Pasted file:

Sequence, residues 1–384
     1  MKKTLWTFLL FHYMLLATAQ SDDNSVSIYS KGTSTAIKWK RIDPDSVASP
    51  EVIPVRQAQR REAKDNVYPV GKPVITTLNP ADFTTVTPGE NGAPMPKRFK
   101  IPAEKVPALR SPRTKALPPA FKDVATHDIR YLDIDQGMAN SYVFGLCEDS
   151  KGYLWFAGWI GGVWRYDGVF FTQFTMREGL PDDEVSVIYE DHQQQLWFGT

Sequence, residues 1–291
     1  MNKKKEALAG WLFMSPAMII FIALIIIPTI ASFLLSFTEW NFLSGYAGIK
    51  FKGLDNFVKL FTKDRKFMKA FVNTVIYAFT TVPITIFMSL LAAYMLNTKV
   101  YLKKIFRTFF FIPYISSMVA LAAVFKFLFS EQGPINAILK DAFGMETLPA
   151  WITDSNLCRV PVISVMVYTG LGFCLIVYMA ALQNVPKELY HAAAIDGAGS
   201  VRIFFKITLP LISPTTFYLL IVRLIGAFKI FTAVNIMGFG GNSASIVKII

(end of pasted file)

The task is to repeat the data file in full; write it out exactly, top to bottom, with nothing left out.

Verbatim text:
Sequence, residues 1–384
     1  MKKTLWTFLL FHYMLLATAQ SDDNSVSIYS KGTSTAIKWK RIDPDSVASP
    51  EVIPVRQAQR REAKDNVYPV GKPVITTLNP ADFTTVTPGE NGAPMPKRFK
   101  IPAEKVPALR SPRTKALPPA FKDVATHDIR YLDIDQGMAN SYVFGLCEDS
   151  KGYLWFAGWI GGVWRYDGVF FTQFTMREGL PDDEVSVIYE DHQQQLWFGT

Sequence, residues 1–291
     1  MNKKKEALAG WLFMSPAMII FIALIIIPTI ASFLLSFTEW NFLSGYAGIK
    51  FKGLDNFVKL FTKDRKFMKA FVNTVIYAFT TVPITIFMSL LAAYMLNTKV
   101  YLKKIFRTFF FIPYISSMVA LAAVFKFLFS EQGPINAILK DAFGMETLPA
   151  WITDSNLCRV PVISVMVYTG LGFCLIVYMA ALQNVPKELY HAAAIDGAGS
   201  VRIFFKITLP LISPTTFYLL IVRLIGAFKI FTAVNIMGFG GNSASIVKII